Lets give AFCI'S a break and get on with some really important issues, namely why can't the directories that come with the panels be larger? Some of them are so small you can't see them without a magnifying lens. Would it really break the manufact. to make them larger?
And another thing, Why can't someone come up with a better way to install panel covers?
...and how about making the panel labels able to stand up to more than a few years of service. Many of the houses I visit all that is left of the panel label is the glue... take a guess at what kind and the max amperage it is...
I agree on the AFCI issue, there are only a few of those who post negative messages that call attention to some problems with their use, installation and cost.
As far as your concerns for panel directories, this is a very big problem and one of the top 10 code violations where panel directories are missing (like below) or filled in with pencil, or some other non- permanent markings.
I think that there is a software program called panel4.exe that will be useful, but when I found it after a search, I was unable to download it. Maybe it is no longer available??
Are there any others?
[This message has been edited by Joe Tedesco (edited 12-19-2001).]
We have the same problems here. Although our panels have space for identifying circuits many are left blank, and modfications over the years mean that any mrkings present are not always complete or accurate.
I print out Panel Directories for all jobs, and if I have enough information for the connected loads [existing ones on Remodels / T.I.s], I'll also print out Color Panel Schedules. On jobs where I have designed all, I'll include both Panel Directories and Colored Panel Schedules - regardless if I am the installer or if done by another Electrical Subcontractor.
I use Excel for these tasks.
As Steve [Sparky] has mentioned, placing your logo within a Panel Directory makes it both Cool and a Marketing angle. This all can be done very easilly with Excel - which allows you to increase the cell sizes for the next person to easilly write in a newly added circuit description.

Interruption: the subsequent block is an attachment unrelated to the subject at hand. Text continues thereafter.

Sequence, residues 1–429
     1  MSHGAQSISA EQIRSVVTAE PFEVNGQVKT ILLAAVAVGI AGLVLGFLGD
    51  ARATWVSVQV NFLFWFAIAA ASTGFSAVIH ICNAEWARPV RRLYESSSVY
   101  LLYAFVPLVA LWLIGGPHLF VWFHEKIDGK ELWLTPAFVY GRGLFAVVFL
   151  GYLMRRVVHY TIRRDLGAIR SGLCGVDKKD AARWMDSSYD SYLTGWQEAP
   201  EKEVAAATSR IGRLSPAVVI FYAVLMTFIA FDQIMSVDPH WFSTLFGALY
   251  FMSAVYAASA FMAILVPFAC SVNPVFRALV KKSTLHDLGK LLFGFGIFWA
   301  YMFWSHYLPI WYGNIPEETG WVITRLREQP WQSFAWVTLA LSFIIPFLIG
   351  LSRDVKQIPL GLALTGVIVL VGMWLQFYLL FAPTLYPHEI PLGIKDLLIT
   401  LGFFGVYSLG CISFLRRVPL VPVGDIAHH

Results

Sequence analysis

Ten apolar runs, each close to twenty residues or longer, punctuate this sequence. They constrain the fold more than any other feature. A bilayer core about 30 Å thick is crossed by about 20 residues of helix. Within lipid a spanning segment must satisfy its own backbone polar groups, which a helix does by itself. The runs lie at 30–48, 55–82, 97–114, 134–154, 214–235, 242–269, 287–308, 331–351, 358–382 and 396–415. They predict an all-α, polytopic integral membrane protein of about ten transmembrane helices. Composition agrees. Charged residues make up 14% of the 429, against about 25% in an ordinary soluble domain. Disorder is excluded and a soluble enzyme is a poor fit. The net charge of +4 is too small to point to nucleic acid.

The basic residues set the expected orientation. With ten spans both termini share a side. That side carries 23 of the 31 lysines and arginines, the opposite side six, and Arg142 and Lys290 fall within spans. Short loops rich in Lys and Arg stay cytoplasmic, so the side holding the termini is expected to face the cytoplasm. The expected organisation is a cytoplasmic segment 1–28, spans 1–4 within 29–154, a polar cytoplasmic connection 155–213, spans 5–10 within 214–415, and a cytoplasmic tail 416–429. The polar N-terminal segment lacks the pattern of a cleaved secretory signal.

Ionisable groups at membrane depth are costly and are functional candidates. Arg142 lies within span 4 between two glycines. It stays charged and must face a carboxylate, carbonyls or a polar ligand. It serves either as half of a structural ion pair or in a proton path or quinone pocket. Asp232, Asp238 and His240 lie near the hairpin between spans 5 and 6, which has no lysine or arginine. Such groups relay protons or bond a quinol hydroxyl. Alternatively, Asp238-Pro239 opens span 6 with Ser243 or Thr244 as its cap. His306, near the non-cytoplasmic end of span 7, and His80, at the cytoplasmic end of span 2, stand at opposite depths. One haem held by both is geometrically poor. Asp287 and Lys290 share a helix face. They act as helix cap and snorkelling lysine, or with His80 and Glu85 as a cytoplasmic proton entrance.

Most of the time I'll print up labels with the Panel's name and rating. I'll put a set inside and a set outside, then cover with packing tape for lamination.
Seen some really poor excuses for Panel Directories! References like: " Receptacles", "Lights", "Computers", "Wall Partitions" and such. Just do not mean anything when there's 5 Suites on a floor, or there's a ton of work stations.
Scott " 35 " Thompson Just Say NO To Green Eggs And Ham!
IMHO , there would be much less live work if directories were done better. I've also had a habit of marking the circuit on the 'use' end, i.e.-4 sq, rec cover..... Case in point, convienece store coffee islands, which are always in a state of perpetual growth. The capaccino,pizza oven,sandwich man,glovedryer,automatic cow dispenser dude will typically plug intoeven adapt into..a dedicated circuit,overloading the breaker , sending the entire store into kaos. can U tell I get the calls???
We use Excel based panel schedules as well. I actually prefer the idea of using pencil to fill them out. That way when the next guy comes along and changes something, rather than cross out the old use, he can erase it and put in the circuit's new usage. Panel schedules tend to get really ugly as time goes on as they're filled out with pen, felt tip marker, crossed out 3 times, etc. (My Marine Biology prof. used to call pencils "scientific markers"; they're permanent unless erased) If anybody wants the Excel Panel Card files, send me an e-mail and I'll try to fix you up.
I use a spreadsheet to do panel schedules during the design phase so I can calculate and/or balance the laods. I usually use a data base (file) program to do the final "as built" panel schdule. Sometimes I'll even get the thing laminated at the office supply store ($1) prior to attaching it to the door.
The nice thing about using your computer is that when the customer calls up asking about adding additional circuits, you can look at the schedule in your computer to determine if there are enough vacant slots & capacity left.
Few things are harder to put up with than the annoyance of a good example.